THE V-8 engine could become a casualty of tougher fuel-economy standards that will see North American roadways increasingly populated by smaller, lighter vehicles, experts say.
"The V-8 engine will become less common moving forward," said Drew Winter, editor-in-chief of Ward's Auto World. "Eight cylinders are being replaced by six cylinders, which are being replaced by four cylinders."
The Obama administration announced last month that it would raise the Corporate Average Fuel Economy (CAFE) standards that auto companies have to meet from the current 34.5 miles per U.S. gallon (6.82 L/100km) by 2016 to 54.5 mpg (4.32 L/100 km) by 2025. Canada subsequently announced it will harmonize its rules with the draft regulations requiring an 80-per-cent improvement from current standards.
The new standards prompted a warning from Chrysler CEO Sergio Marchionne, who predicted the V-8 muscle car would become "as rare as white flies."
Phasing out the V-8 could have implications for the Canadian auto industry since the engine powers much of the vehicle product line assembled at domestic plants. The engine is found in the Oshawa, Ont.-built Chevy Camaro as well as high-performance models of the Chrysler 300, Dodge Charger and Challenger, which are built in Brampton, Ont.
In Windsor, the V-8 is tied to more than 1,300 hourly jobs at two Ford plants. The eight-cylinder, five-litre units assembled at the Essex Engine Plant fuel the Ford F-150 pickup truck and Mustang muscle car. The V-8 Triton engine, which is slated to end production in 2014 at the Windsor Engine Plant, powers such SUVs as the Ford Expedition.
"You've got to get some four-cylinders in Windsor," said Sean McAlinden, chief economist at the Center for Automotive Research.
Fuel-saving technological advances, such as turbo-chargers and fuel-injection systems, are making smaller engines more powerful -- a trend that will intensify over the next two decades.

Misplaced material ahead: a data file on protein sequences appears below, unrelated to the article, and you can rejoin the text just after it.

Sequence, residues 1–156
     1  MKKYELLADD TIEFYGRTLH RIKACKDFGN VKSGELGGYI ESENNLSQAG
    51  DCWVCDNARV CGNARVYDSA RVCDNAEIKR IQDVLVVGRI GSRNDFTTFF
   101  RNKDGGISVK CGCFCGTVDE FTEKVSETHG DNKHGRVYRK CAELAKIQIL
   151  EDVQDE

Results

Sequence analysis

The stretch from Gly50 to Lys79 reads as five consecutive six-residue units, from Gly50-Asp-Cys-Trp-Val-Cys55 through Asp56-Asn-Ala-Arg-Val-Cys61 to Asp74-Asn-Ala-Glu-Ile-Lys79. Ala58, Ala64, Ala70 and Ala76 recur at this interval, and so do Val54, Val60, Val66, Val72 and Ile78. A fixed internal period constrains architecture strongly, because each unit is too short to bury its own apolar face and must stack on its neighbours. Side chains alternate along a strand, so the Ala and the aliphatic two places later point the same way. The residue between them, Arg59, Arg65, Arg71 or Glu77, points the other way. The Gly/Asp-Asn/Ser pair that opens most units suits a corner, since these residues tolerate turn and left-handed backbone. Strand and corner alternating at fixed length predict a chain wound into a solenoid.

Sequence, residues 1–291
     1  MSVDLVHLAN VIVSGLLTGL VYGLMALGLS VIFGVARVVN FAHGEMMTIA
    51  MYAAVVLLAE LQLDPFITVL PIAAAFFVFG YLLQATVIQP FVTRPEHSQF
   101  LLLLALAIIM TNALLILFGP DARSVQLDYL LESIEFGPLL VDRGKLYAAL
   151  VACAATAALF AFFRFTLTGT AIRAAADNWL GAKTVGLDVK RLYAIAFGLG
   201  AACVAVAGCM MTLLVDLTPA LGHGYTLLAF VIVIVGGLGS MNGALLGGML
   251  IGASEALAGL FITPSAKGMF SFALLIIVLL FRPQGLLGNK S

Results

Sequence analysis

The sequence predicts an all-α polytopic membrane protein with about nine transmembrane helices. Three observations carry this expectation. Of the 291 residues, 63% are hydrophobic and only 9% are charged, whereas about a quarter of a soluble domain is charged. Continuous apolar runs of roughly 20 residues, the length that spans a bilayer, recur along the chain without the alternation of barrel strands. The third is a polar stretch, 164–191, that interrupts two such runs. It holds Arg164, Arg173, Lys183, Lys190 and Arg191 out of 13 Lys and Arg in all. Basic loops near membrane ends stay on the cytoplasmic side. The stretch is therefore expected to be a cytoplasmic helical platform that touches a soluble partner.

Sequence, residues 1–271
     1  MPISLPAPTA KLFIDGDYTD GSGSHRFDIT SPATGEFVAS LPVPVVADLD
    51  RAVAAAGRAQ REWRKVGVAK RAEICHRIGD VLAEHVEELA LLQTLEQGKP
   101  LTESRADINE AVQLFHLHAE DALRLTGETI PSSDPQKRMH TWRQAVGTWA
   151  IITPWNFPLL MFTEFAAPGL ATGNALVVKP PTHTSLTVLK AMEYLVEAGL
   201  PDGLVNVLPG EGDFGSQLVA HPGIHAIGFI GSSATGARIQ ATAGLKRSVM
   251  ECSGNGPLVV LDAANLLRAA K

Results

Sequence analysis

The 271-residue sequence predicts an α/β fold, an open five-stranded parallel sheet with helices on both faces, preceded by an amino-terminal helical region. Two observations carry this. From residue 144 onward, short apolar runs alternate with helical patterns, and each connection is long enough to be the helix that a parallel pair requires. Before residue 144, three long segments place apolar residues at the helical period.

Chrysler's tie-up with Fiat means the automaker will focus on the development of vehicles fuelled by diesel and compressed natural gas engines -- powertrains found in much of Fiat's European fleet, Winter said.
General Motors, meanwhile, will "continue to design and build vehicles that deliver the features and performance customers want, while saving them gallons at the pump," said Adria MacKenzie, spokeswoman for GM Canada. "What we know is that consumers want higher fuel efficiency in their cars and trucks and GM is going to give that to them."
Ford has said its 3.5-litre, twin-turbo Eco-Boost V-6 engine, which accounts for 43 per cent of F-150 sales, will become a common feature throughout its product line as the automaker adjusts to tighter fuel-economy standards.
The new standards also are a challenge for the auto parts sector, said Peter Frise, executive director of Auto 21 Network of Centres of Excellence, which co-ordinates automotive research at universities across Canada. Parts suppliers will be under growing pressure by car companies to produce light parts, he said.
"The three most important factors affecting fuel economy are the weight of the car, aerodynamics and driver behaviour. Between 50 and 70 per cent of the car comes from parts suppliers. To get the weight out of a car you have to get the weight out of the parts."
Expect to see more components made out of lightweight materials such as aluminum, magnesium, carbon fires and thinner sheets of steel, Frise said.
"There will be greater opportunities for research and development. There's no way you can achieve these very profound fuel-economy targets if you don't do a lot of work on the weight as well as advance design work to make sure cars comply with safety standards."
-- Postmedia News